The setup is simple: A behind-closed-doors conversation among bridesmaids forced to wear uniformly atrocious dresses. From its gossip and secrets to the kind of brutal honesty that is as unsettling as it is amusing, Five Women Wearing the Same Dress is a gem of a play. The show, produced by Alpha Psi Omega, a dramatic honor society at UNC Asheville, runs through Sunday, Sept. 23, at 35below.
The 1993 play was penned years before playwright Alan Ball gained fame with his HBO shows “Six Feet Under” and “True Blood.” Conversations about AIDS testing, men wearing earrings and hidden lesbian relationships trap the play in an early ’90s setting, though the production does not specifically state the time frame.
Missy Sullivan directs the five women (all in bridesmaid attire) and a groomsman with an earring, a twinkle in his eye and a tiny bag of cocaine. The ladies have all retreated to a bedroom while they wait for the bar at the reception to open. They know each other but either have little in common or have drifted apart. They all seem to have issues with the bride, and most have pasts involving more than one man at the wedding.
There are a lot of growing pains on display in the first act. 35below is an intimate space in which it’s distracting when actors pretend to light a cigarette or a joint, while obviously not lighting up. The characters are also a bit older and more world-weary than the young actors are or can honestly relate to. Luckily, Act I and those uneasy moments are short.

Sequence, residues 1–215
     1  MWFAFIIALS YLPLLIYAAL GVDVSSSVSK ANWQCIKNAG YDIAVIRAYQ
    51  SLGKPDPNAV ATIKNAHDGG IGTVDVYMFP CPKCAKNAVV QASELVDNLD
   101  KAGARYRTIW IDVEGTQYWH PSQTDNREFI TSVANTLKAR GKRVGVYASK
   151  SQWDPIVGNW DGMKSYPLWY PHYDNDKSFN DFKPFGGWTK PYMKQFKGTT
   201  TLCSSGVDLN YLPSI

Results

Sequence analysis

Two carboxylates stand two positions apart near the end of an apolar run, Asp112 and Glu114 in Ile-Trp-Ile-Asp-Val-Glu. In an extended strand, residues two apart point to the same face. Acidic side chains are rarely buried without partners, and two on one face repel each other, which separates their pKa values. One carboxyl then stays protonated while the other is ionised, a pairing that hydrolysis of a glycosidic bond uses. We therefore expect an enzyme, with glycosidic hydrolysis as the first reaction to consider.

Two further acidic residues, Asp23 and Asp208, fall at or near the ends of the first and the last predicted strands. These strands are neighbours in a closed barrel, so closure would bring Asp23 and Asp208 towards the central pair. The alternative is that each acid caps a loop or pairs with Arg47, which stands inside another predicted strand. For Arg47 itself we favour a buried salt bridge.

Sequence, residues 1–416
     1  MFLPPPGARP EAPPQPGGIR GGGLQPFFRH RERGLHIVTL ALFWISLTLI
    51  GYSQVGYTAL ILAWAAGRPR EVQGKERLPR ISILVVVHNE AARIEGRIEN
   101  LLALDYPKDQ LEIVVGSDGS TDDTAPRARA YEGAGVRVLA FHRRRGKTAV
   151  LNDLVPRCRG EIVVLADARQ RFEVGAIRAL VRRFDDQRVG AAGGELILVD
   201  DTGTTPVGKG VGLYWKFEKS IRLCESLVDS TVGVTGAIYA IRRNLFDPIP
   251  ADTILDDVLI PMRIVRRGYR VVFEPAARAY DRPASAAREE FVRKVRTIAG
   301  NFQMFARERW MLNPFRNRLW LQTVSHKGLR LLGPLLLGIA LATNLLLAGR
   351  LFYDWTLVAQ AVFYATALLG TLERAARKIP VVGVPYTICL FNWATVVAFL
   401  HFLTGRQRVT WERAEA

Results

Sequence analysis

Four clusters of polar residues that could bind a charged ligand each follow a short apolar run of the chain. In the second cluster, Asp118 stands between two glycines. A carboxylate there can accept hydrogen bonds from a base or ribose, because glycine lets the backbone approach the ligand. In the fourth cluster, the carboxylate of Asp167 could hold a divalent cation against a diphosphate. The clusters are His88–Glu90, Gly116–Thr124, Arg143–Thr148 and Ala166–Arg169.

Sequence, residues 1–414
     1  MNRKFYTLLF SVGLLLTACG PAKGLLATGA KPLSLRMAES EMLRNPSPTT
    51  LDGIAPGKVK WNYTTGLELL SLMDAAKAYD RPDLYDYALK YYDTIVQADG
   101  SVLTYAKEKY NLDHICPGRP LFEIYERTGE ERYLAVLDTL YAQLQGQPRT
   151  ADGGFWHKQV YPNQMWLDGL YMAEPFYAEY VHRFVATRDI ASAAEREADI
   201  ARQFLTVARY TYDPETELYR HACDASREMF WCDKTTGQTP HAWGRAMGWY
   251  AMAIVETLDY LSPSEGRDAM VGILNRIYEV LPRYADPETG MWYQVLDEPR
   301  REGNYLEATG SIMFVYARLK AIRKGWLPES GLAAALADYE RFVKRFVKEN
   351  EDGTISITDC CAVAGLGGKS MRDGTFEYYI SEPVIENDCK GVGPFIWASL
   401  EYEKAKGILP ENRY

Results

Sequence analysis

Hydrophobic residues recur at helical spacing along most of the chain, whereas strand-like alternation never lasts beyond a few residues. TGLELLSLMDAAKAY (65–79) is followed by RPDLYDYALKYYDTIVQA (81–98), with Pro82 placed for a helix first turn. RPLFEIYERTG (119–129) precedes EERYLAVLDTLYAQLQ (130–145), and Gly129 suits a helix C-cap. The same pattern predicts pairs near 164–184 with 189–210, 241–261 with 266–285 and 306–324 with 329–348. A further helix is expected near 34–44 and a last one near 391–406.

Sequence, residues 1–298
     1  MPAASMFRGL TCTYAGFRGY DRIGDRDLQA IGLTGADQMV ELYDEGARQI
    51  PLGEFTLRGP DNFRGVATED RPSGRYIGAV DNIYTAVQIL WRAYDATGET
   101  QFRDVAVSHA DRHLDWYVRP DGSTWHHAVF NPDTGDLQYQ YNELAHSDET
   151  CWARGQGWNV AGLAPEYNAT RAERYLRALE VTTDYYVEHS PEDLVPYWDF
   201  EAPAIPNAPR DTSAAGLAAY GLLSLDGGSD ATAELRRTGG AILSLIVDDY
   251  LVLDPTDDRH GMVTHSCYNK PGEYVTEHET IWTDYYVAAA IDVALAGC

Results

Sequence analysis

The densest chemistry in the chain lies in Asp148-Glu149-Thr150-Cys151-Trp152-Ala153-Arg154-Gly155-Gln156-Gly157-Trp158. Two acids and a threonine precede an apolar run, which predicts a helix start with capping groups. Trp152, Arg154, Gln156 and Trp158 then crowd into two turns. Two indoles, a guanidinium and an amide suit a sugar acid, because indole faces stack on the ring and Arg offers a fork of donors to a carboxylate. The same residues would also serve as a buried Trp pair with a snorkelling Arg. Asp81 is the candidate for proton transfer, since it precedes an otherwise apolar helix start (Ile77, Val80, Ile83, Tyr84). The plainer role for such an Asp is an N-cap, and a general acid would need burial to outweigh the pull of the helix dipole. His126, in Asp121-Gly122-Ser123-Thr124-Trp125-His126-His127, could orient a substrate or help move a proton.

The cast finds comfort in the roles and chemistry with each other in Act II, which is breezier and alternately more emotionally demanding, as more than one dark secret is revealed. One is particularly unsettling.
As the bride’s rebellious younger sister Meredith, Rachel Anderson shines. So does the religious and repressed Frances, played with sincere sweetness by Grace Siplon. Rebecca Boyce, Anna Zurliene and Raina Trent all have standout moments as the play weaves through an array of emotions (both outright and repressed) that are loosened by marijuana and alcohol. Trent gets to have a major scene with Ryan Patrick Miller’s Tripp, late in the show, and their flirtations take on a classic Hollywood film-style banter. The two clearly enjoy the scene and are fun to watch.
There’s a nimbleness to the writing that propels the play. It’s the sort of script seasoned performers crave and can elevate. The characters and situations seem simple, but Ball’s craftsmanship as a writer exposes the raw humanity the bridesmaids struggle to keep hidden. The UNCA students are to be credited for having the courage to attempt such roles and emotions, even when they struggle to ring true. There’s little doubt that having done this show will help these performers grow and become even better actors.
WHAT: Five Women Wearing the Same Dress
WHERE: 35 Below, 35 Walnut St., ashevilletheatre.org
WHEN: Through Sunday, Sept. 23. Fridays and Saturdays at 7:30 p.m., Sundays at 2:30 p.m. $15